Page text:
As shown in FIG. 4, the cartridge body 56 is arranged such that the apertures 152, 154 in the cartridge body 56 are in communication with fluid passageways 164, 166 formed in the carrier body 52. The fluid passageways 164, 166 intersect with longitudinal passageways 168, 170 which extend to a rear face 172 (see FIG. 1) of the carrier assembly 38.

Referring now to FIG. 5, a pair of valve bores 174, 176 intersect with the longitudinal passageways 168, 170 respectively. A control valve 178 for component A and a control valve 180 for component B are inserted in valve bores 174, 176 respectively. Hoses 26, 27 are threadably connected to longitudinal passageways 168, 170 respectively, at the rear face 172 of the carrier assembly 38. As shown in FIG. 4, O-rings 182, 184 are recessed in the carrier body 52 surrounding the two fluid passageways 164, 166. The O-rings 182, 184 provide a seal between the fluid passageways 164, 166 of the carrier body 52 and the inlet members 156, 158 of the cartridge assembly 42. Thus, components A and B are supplied to the mixing chamber 28 from the pressurized vessels 24 via the hoses 26, 27 to the carrier assembly 38 through the control valves 178, 180 and then through the inlet members 156, 158 into the longitudinal bore 116.

Referring now to FIGS. 2 and 3, the gas injection assembly 44 will now be explained. The gas injection assembly 44 branches off of the pipe tee 44. The gas injection assembly 44 includes an on/off valve 186 connected to a piping elbow 188. A regulating valve 190, such as a needle valve, for controlling the amount of gas flow through the gas injection assembly 44 is connected to the piping elbow 188. Tubing 192 directs the flow of air from the regulating valve 190 to the aftermix chamber 29. A tubing elbow 194 is attached to the end of the tubing 192 and threadably engages the air injection threaded port 148 of the cartridge assembly 42.

A nozzle 196 threadably engages the threaded opening 46 of the aftermix chamber 29. The shape of the nozzle 196 determines the pattern of the dispensed foam. The nozzle 196, as shown in FIGS. 2 and 3, is a spray nozzle 198 which is utilized to apply foam in a spraying operation. The nozzle 196, as shown in FIG. 8, is a pour nozzle 200 used to dispense the foam in a pouring operation.

The operation of the foam dispensing system 20, as shown generally in FIG. 1, will now be described. Referring to FIG. 1, the vessels 24 containing components A and B are pressurized by the pressure source 32, typically a tank of pressurized nitrogen, and the regulating valves 25. The components A and B are pressurized to approximately 100-250 pounds per square inch as compared to prior foam dispensing guns requiring the components A and B to be pressurized to approximately 800-1200 pounds per square inch. Alternatively, the source 32 may consist of a pump assembly (not shown) which pumps components A and B from the vessels 24 to the foam dispensing gun 22. The hoses 26, 27 from the component vessels 24 are connected to the carrier assembly 38 of the foam dispensing gun 32. The hoses 26, 27 may be either heated or unheated. The supply hose 30 connects the pressure source 32 with the pipe tee 34 of the foam dispensing gun 22. A regulating valve 33 controls the supply of compressed air or other gas from the source 32 to the dispensing gun 22. The compressed air supplied to the dispensing gun 22 is pressurized to approximately 100-250 pounds per square inch. It should be noted that the source 32 for the supply hose 30 may comprise a separate air compressor unit (not shown) to provide a more economical foam dispensing system 20.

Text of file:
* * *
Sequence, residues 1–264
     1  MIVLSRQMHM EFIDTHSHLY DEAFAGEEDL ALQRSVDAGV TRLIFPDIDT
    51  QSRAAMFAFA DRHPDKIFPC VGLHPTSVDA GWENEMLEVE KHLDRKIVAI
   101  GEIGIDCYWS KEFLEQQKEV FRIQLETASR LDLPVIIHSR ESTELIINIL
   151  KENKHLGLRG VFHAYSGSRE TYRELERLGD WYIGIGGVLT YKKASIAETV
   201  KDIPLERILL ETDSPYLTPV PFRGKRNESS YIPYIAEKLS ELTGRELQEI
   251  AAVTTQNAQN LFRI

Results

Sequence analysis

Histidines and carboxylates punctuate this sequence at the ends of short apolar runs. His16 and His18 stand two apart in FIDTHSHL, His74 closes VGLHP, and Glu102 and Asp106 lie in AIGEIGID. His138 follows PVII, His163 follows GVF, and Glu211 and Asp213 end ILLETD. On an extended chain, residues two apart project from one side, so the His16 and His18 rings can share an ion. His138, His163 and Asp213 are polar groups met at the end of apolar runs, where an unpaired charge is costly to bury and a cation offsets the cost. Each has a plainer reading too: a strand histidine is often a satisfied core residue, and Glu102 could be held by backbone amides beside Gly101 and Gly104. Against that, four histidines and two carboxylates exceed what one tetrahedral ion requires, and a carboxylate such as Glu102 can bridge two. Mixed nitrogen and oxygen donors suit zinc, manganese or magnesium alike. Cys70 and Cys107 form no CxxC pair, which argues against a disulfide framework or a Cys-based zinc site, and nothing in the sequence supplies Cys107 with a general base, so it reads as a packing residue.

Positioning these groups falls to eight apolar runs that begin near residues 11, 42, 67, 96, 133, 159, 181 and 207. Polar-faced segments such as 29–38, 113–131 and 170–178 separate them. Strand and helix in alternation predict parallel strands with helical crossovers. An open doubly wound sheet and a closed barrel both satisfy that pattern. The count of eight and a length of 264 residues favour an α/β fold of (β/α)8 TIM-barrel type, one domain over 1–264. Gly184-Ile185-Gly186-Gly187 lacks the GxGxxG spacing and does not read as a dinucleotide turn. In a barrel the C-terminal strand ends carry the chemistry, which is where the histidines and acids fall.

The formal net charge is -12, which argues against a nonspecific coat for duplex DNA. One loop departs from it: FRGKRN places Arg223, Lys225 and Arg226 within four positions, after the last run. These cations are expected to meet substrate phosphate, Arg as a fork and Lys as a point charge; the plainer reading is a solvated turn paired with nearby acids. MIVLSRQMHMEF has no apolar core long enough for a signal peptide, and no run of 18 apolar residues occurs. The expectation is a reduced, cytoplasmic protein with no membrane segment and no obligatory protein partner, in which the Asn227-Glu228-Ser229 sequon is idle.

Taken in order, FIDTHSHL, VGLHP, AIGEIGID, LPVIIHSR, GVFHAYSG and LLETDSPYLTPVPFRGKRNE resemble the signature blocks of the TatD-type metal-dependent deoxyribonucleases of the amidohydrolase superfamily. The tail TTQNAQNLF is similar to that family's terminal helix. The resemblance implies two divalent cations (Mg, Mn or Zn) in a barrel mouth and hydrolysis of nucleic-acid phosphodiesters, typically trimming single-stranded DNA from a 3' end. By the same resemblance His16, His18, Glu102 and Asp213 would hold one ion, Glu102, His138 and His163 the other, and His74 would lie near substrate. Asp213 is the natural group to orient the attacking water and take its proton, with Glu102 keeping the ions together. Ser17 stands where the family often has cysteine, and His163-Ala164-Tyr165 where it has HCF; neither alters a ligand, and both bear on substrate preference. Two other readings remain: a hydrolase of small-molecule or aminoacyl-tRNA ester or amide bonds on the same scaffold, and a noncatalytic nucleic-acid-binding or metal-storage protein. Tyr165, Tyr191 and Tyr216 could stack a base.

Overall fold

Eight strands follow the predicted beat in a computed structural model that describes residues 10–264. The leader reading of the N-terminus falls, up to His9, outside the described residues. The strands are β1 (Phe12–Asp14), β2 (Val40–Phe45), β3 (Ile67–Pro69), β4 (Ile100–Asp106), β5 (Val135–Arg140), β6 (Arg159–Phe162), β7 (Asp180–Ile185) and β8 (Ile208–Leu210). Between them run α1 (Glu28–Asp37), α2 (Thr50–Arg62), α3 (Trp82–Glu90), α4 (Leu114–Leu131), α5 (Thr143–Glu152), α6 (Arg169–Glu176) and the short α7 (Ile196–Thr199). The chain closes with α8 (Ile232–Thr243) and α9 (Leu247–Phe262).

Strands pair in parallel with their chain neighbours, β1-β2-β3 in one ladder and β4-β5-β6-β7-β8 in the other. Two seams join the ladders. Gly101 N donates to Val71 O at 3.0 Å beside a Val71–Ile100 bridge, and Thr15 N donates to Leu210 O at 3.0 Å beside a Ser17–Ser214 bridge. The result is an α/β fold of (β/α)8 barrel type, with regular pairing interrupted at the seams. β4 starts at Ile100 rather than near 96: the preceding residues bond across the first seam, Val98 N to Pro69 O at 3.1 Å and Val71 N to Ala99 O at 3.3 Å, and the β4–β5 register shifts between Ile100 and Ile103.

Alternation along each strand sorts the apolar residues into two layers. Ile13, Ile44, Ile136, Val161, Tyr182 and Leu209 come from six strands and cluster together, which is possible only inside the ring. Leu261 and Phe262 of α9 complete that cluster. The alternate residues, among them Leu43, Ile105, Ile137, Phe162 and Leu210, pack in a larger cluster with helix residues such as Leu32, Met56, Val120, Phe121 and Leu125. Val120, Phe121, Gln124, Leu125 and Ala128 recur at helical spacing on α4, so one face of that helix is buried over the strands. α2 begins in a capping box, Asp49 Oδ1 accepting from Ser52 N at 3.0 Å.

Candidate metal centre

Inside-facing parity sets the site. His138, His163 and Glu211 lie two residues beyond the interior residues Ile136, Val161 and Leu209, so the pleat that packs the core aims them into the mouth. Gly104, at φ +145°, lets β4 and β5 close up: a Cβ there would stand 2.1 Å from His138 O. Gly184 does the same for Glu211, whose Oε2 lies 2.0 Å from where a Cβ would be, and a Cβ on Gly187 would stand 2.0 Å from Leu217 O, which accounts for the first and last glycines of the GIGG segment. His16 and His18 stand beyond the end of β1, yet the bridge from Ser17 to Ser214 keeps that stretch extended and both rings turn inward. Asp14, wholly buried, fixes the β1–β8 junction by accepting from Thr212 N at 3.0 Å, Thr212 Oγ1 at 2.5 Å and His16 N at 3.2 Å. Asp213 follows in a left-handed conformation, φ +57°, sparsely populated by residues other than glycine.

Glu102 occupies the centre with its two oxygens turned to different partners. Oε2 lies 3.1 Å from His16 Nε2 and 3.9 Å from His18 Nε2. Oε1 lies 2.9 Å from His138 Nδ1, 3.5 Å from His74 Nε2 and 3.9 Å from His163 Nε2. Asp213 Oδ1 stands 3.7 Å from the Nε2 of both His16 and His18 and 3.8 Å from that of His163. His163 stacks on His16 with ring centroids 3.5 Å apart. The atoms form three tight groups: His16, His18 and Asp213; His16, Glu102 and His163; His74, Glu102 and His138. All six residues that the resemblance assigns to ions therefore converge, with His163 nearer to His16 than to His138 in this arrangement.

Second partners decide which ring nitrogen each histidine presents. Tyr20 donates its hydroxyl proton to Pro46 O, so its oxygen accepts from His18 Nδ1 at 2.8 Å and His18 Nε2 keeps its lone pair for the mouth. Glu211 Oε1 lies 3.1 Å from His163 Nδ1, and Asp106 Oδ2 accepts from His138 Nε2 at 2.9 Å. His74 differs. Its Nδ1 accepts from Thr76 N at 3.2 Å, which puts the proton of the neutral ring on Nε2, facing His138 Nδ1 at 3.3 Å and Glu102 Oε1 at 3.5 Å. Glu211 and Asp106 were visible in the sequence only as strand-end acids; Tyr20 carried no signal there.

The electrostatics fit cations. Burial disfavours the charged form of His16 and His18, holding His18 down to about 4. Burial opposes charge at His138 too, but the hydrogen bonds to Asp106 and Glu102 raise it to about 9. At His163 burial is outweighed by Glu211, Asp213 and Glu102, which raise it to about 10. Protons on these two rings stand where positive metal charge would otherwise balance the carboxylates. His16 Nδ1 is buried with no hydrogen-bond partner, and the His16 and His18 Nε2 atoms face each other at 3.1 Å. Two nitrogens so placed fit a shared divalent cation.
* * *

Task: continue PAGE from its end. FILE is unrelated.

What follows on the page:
The components A and B respectively fill the hoses 26 and 27 and the longitudinal passageways 168, 170 to the control valves 178 and 180. By opening the control valves 178, 180, the components A and B fill the remainder of the longitudinal passageways 168, 170 and the fluid passageways 164, 166 to the inlet openings 160, 162. Thus, a continuous supply of components A and B are supplied to the longitudinal bore 116 of the mixing chamber 28.

The pressurized gas from the pressure source 32 enters the air supply passageway 98 in the handle body 46 via the supply hose 30 and pipe tee 34. In the inoperative position, as shown in FIG. 3, the air supply passageway 98 communicates with the right compartment 108 formed by the trigger 88 and the trigger bore 86. The pressurized gas flows from the right compartment 108 through the first passageway 92 where it enters the rear of the cylinder bore 66. The trigger 88 is normally maintained in an outwardly extended position by the bias spring 89 inserted within the trigger bore 86. As shown in FIG. 3, the foam dispensing gun 22 is in an inoperative position when the trigger 88 is in an outward position and the pressurized gas enters the rear of the cylinder bore 66 which slides the piston 64 to its forward position. The forward section of the cylinder bore 66 to the left of the sliding piston 64 is maintained at substantially atmospheric pressure via the second passageway 94 and its communication to the external atmosphere via the trigger bore 86 and the channel 90.